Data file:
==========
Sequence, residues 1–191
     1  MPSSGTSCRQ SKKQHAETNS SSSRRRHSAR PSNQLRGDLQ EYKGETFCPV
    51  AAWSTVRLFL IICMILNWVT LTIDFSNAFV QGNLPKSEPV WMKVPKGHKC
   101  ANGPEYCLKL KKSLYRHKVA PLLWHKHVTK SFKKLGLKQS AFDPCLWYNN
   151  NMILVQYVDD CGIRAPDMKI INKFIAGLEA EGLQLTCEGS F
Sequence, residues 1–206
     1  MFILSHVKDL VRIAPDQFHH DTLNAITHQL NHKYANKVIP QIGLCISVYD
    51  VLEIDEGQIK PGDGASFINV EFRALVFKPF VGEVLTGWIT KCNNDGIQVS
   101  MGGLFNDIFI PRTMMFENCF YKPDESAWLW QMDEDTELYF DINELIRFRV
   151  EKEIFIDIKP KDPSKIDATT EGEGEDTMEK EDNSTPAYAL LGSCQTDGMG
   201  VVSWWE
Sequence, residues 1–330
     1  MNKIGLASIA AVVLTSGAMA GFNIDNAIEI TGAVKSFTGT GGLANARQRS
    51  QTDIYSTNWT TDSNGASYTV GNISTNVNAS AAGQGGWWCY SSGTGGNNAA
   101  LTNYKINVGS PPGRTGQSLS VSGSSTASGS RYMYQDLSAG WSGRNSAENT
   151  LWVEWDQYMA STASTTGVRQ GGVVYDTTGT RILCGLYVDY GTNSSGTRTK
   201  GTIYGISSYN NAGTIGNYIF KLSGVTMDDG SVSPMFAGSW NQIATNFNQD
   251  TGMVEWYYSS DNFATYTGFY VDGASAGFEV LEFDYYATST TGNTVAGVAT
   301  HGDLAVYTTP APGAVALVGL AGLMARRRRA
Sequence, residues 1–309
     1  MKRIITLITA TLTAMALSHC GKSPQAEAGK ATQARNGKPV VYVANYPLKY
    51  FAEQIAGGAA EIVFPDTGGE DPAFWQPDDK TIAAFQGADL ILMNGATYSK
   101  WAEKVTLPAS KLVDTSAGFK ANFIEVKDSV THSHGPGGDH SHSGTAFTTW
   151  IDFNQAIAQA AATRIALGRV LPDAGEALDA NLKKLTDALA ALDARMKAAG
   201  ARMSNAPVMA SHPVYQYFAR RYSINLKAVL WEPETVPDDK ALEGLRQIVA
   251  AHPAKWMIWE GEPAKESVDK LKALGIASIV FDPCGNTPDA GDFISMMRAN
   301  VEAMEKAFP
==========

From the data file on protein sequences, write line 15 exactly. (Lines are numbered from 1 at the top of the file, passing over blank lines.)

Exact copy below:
   101  LTNYKINVGS PPGRTGQSLS VSGSSTASGS RYMYQDLSAG WSGRNSAENT